Park Rangers on the Frontline Being Killed at an Astonishing Rate from India to Thailand to Africa
In the past 10 years, over 1000 park rangers have been killed, 80% of them by commercial poachers and armed militia groups.
The 2015 Honor Roll of Park Rangers killed in the line of duty from Thin Green Line. Our thoughts and respects are with them always. Many more were severely injured, and thousands of poachers and community members we also killed.
Global Conservation is focused on park protection systems to help rangers in their battle against wildlife poaching, illegal logging, mining and deforestation.
We provide park rangers with Global Park Defense - the essential equipment, systems and training to effectively and safely patrol major UNESCO World Heritage and national parks on the front-line of wildlife and forest conservation.
As our parks across Asia, Africa and the Americas are destroyed for greed and survival, we are losing our last safe bastions for critically endangered wildlife and vanishing primary forests around the world.
Park rangers are on the frontlines against heavily armed poachers, illegal loggers and others destroying our parks at night and in the light of day. New technology, systems and training must be deployed to assist out rangers around the world.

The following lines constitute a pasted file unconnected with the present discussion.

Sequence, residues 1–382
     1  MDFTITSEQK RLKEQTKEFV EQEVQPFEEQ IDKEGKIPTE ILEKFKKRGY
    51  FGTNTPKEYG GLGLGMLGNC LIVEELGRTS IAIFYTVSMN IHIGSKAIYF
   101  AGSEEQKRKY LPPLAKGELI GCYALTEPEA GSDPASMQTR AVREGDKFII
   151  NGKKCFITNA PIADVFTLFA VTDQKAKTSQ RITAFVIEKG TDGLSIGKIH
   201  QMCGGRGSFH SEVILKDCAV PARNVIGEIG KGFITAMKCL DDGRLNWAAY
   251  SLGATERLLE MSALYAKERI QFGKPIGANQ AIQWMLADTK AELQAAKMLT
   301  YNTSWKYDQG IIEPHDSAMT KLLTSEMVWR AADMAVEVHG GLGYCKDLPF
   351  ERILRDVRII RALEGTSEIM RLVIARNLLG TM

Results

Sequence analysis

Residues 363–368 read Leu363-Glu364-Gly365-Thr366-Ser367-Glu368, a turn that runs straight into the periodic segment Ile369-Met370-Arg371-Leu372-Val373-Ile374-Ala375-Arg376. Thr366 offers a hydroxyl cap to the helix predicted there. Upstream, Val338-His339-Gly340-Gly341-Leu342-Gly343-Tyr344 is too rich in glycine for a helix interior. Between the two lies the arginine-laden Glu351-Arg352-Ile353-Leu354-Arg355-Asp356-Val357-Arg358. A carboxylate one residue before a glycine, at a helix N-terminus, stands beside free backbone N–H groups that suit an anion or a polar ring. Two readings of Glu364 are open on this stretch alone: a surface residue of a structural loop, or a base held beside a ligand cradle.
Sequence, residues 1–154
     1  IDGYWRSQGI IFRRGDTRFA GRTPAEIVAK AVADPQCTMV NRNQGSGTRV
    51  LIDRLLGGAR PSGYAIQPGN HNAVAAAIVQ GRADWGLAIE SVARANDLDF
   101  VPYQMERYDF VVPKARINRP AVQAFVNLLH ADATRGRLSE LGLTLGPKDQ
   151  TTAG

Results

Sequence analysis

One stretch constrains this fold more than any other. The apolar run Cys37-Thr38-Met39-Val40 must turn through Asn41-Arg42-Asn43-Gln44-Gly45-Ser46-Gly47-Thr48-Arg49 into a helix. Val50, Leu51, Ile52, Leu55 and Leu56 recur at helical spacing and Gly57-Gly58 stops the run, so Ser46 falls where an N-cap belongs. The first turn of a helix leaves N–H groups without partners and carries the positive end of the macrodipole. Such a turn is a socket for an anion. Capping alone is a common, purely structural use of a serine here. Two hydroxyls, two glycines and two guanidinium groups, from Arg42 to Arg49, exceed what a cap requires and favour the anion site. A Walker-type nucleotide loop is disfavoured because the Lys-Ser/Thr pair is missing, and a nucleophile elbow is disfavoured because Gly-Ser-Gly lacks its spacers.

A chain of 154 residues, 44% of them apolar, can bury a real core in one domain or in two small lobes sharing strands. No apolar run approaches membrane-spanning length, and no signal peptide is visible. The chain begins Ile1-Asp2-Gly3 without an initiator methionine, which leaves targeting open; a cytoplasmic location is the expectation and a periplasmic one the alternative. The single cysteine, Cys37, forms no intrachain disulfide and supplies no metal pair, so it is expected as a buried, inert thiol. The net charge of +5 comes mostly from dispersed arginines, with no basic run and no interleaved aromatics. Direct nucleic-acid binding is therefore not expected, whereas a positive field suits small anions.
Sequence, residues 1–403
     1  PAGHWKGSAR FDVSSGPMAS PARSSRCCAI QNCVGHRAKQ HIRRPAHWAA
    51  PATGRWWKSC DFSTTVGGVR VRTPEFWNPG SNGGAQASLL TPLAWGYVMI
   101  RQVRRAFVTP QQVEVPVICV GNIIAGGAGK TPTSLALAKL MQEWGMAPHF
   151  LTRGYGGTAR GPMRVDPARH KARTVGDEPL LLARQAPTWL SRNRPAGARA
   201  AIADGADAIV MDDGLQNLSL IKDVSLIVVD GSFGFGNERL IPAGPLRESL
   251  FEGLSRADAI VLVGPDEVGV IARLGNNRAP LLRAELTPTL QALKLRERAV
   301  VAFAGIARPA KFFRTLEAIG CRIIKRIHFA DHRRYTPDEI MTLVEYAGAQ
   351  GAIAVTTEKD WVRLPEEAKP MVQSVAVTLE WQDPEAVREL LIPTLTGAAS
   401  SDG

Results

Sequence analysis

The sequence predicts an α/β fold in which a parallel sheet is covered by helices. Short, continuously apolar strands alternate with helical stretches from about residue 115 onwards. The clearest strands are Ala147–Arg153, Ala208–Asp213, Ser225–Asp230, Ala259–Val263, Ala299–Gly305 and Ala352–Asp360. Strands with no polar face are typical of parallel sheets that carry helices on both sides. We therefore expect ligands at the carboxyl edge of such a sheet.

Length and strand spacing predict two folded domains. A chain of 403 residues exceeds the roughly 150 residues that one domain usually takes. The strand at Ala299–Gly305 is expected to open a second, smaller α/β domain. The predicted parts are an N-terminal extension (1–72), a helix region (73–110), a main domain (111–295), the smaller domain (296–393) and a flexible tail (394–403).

"The greatest danger is death," says Salange Kahambu, a park ranger who began working in 2014 at Virungu National Park, a UNESCO World Heritage site in Congo. In that time, she has been shot at by a group of poachers. "During patrols we come into contact with armed poachers or groups of armed people staying in the forest," she says. "Whenever there are incidents, there are always deaths."
“Rangers are the guardians of our planet’s most precious natural assets and it’s unnerving to think that every day they go to work, their lives are at risk as a result of human greed and cruelty,” says Julia Marton-Lefèvre, IUCN Director General. “Without solid protection, proper law enforcement and a strong support network for those unsung heroes of conservation, our efforts to protect wildlife are a lost case. Any conservation action should start with supporting those that put their lives on the line to protect it every day.”
Over 200 park rangers have lost their lives in the line of duty in the two years, over 120 of whom have been killed by poachers, according to the 2015 information released by the International Ranger Federation, which has been monitoring ranger deaths since 2000.
2014’s death toll reached 102, with poachers and militia responsible for 69 of those deaths. In Africa, 27 rangers have lost their lives in the line of duty in the last 12 months, with nearly 80% of them killed by poachers. As more deaths are reported every week and as the figures represent only the confirmed deaths from some 35 countries that voluntarily report to the IRF, the actual number of rangers killed in the line of duty worldwide could be two to three times higher.